Cassie Bongiovanni is a GIS Specialist who works at The Center for Coastal and Ocean Mapping/Joint Hydrographic Center. The center is a partnership between the University of New Hampshire and NOAA, and it has two main objectives: to develop tools to advance ocean mapping and hydrography, and to train the next generation of hydrographers and ocean mappers. Cassie grew up in Texas and did not like science at all when she was young. She attended the University of Washington in Seattle and fell in love with the ocean. She received her Bachelors of Science in Geology with a focus in Oceanography. She is now working with NOAA’s Integrated Ocean and Coastal Mapping group on processing lidar and acoustic data for post Hurricane Sandy research efforts. Cassie explained that she loves her work because she loves to learn! She has lots of opportunities to ask questions and discover new things. The kid in her loves making maps and then coloring them with bright colors to create 3-D images of things like shipwrecks.

 

Personal Log:

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The launch headed out again today to try to find a ship that sank earlier in the summer. Information was gathered and lines were surveyed, but so far no shipwreck was found. The day ended with a beautiful sunset.

Setting lines to survey

Setting lines to survey

Looking out from the cabin of the launch

Looking out from the cabin of the launc

 

 

 

 

 

 

 

 

 

sunset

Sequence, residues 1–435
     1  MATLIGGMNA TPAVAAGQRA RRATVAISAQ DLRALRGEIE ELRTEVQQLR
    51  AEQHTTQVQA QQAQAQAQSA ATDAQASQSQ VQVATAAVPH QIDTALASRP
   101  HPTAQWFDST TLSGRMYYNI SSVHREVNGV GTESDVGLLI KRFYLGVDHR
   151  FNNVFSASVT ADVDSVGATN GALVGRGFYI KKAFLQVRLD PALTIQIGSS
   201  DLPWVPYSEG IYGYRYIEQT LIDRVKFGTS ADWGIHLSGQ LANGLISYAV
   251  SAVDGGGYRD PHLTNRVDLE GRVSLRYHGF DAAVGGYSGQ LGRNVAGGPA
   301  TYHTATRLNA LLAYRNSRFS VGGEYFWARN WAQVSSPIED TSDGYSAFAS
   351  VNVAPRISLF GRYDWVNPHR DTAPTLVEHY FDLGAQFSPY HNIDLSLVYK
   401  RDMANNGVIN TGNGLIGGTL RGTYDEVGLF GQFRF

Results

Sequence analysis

In my last blog entry the Question of the Day was:

How was the ocean floor mapped before sonar was invented?

Mariners have used many different methods to map the ocean floor to try to “see” what was under the water. For thousands of years a stick was used to see how deep the water was. Eventually, the stick was marked with measurements. Once ships started exploring the oceans, sticks were no longer good options for finding out the depth of water or if anything was under the water that could harm the ship. Sailors started tying a rope around a heavy rock and throwing it over board. In the 1400’s, mariners began using lead lines, which were marked lengths of rope attached to a lead weight. The lead line was good for measuring depth and providing information about the sea floor. The standard lead line was 20 fathoms long–120 feet–and the lead weighed 7 pounds. In the early 20th century, the wire drag was invented. This meant two ships had a set system of wires hung between them and it enabled mariners to find hidden rocks, shipwrecks or other hazards hidden in the water.

 

leadline

Find out more about the history of navigation tools at http://www.vos.noaa.gov/MWL/aug_08/navigation_tools.shtml